Homebrewed Eats – Beef and Stout Stew

When we have a brewday at Mostly Harmless there are a few things that are gonna happen.  We’re gonna brew some beer (duh), we’re gonna drink some beer (duhhh), we’re gonna smoke some cigars, and we are going to eat.  Most of the time we just hit up a local pizza joint or sports bar but occasionally we throw down some home cookin’.  OK, I throw down some home cookin’, Brian’s the type that makes scrambled eggs in a mug in the microwave and would likely starve to death if not for his wife.  Scratch that, he’d just live off beer and multivitamins.  Anyhow… this week I decided to make up some beef stew to go with brew day.  While Brian was tending the strike water for our session IPA (Rainy Day IPA, stay tuned for more info on that) I got to cooking.

Homemade Beef and Stout Stew

Homemade Beef and Stout Stew

Most beer geeks have had, or at least heard of, Guinness Stew – beef stew brewed with Guinness.  This is my take on that recipe using a bottle of our HOTDOS Oatmeal Stout.  I did some Googling and looked at a few recipes and then threw this together from what I found, most closely based on this one.  In all honesty making a good pot of stew is pretty easy, here’s what you need to do.

INGREDIENTS

2 Lbs lean stew beef
2 Tbsp olive oil
2 Tbsp flour
Salt and pepper to taste
Dash of cayenne
2 large onions, diced
2 large cloves of garlic, minced
2 Tbsp tomato paste dissolved in 1/4 cup beef broth
* If you don’t have beef broth you can use 1 tsp powdered beef bouillon in the flour mixture and dilute the tomato paste with water)
10 oz of your favorite stout
2 cups baby carrots or large diced carrots
1 lb diced potatoes
8 oz sliced mushrooms
1 tsp dried thyme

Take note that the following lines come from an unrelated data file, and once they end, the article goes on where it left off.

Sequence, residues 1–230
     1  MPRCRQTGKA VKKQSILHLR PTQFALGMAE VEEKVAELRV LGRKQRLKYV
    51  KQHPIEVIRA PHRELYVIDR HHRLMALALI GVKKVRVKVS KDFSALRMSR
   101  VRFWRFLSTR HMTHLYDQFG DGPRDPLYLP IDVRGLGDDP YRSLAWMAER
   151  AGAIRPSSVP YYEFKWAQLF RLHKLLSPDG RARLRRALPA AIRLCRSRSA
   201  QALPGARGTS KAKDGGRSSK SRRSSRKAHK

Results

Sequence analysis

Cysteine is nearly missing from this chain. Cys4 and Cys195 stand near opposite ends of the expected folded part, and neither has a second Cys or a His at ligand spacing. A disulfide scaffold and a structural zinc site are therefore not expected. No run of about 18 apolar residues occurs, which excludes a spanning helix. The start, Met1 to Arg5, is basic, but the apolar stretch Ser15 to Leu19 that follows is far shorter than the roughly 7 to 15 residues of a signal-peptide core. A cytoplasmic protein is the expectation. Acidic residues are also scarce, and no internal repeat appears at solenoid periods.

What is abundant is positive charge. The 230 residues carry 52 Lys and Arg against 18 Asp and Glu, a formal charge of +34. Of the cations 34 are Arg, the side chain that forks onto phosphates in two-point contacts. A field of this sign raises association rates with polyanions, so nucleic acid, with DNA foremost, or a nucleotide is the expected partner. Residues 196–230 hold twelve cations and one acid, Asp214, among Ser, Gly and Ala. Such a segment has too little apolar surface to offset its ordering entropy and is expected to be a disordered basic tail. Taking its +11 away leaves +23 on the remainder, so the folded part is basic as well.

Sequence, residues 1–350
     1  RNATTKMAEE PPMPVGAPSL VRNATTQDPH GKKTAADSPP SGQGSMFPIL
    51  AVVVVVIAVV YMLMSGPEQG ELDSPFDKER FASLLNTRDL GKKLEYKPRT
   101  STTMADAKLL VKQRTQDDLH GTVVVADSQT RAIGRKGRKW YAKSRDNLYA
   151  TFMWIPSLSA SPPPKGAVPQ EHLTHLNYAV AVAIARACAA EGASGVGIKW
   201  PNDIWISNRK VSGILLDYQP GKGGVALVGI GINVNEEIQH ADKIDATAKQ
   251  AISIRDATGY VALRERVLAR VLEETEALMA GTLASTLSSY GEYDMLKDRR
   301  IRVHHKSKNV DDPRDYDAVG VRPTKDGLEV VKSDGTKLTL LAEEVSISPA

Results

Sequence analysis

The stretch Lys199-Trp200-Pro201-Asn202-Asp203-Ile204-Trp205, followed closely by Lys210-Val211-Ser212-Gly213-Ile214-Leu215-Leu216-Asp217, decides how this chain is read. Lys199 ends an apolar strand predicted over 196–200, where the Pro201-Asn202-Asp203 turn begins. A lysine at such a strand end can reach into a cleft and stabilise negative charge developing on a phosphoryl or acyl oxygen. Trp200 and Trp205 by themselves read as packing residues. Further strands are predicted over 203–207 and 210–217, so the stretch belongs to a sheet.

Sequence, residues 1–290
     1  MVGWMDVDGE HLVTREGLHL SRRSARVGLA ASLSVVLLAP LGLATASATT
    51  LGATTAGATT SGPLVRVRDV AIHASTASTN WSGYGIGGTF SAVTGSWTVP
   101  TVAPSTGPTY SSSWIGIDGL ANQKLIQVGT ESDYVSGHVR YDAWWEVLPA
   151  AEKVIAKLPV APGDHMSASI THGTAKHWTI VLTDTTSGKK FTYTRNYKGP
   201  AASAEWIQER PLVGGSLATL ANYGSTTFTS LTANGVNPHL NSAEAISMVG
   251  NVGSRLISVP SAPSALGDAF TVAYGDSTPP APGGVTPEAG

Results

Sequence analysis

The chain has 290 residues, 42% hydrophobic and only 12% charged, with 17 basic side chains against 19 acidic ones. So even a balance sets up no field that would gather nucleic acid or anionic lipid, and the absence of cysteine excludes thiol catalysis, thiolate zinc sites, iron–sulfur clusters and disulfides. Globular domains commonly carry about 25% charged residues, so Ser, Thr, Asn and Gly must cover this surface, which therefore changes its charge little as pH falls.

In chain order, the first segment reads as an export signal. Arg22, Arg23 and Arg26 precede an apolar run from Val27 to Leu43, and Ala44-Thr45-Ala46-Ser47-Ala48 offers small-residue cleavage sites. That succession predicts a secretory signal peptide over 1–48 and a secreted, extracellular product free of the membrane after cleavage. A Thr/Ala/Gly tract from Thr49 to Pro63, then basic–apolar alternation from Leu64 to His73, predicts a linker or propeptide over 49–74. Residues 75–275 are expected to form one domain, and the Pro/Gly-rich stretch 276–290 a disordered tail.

DIRECTIONS

  1. Toss stew beef with 1 Tbsp of the oil.
  2. In a bowl, combine the flour and all dry seasonings.
  3. Toss the meat with the seasoned flour.
  4. Heat remaining Tbsp oil (use a bit more if needed) in a large skillet over high heat.
  5. Brown the meat on all sides.
  6. Reduce the heat to medium and add the onions, garlic and tomato paste diluted in broth or water.  Cover and cook for 5 minutes.
  7. Transfer the beef and onions to a crock pot and pour 1/2 the stout into the skillet.
  8. Heat to boiling and hold for 5 minutes, stirring well to deglaze the pan.
  9. Pour the sauce over the meat and add the carrots, potatoes and mushrooms.
  10. Cook on high for 3-4 hours, stirring occasionally.
  11. Approximately 30 minutes before serving add the rest of the stout to the pot and stir well.

When done the stew should have a nice, heavy sauce on it without being too thick.  If sauce is too thick you can thin it with a bit of water.  If sauce is too thin dissolve 1 tsp of corn starch in 1 cup of cold water and add in small increments to the stew, stirring and allowing the sauce a couple of minutes to thicken.  Serve with fresh-baked crusty French bread and more STOUT!

It was cold and dreary and rainy here yesterday and after a long brew day in the elements this was just what we needed.  It came out great and I’ll definitely make it again.  If you try it out let me know what you think.

Cooking the beef and onions with tomato sauce

Cooking the beef and onions with tomato sauce

De-glazing the pan with the stout.

De-glazing the pan with the stout.

Into the crock pot.

Into the crock pot.

Racking, tasting and testing.

We’re feeling some withdraws over here at tMHBC.  We haven’t actually brewed in about a month now and it’s starting to stress us out.  We’ve had plenty of other stuff to keep us busy but as of this weekend our beer pipeline is running dry.  We do have some meads fermenting, but we’re still a few months away on all of those.  We need to brew soon before Brian does something crazy… er.

The lack of actual brewing sure doesn’t mean we’ve not been busy.  Last weekend we bottled our Kiwi Kaleidoscope IIPA (which we’re pretty sure is going to be awful) and this weekend we racked over 5 gallons of our Pirate Pancake Syrup mead to secondary so it can start clearing up.  This was started on 09/28 so we’re just short of 3 months into fermentation.   The samples from this were excellent, I think this is going to be a fantastic mead.  We’re also planning another batch of this using blood oranges that we’ve dubbed Sailor’s Warning, I’m really starting to enjoy meads.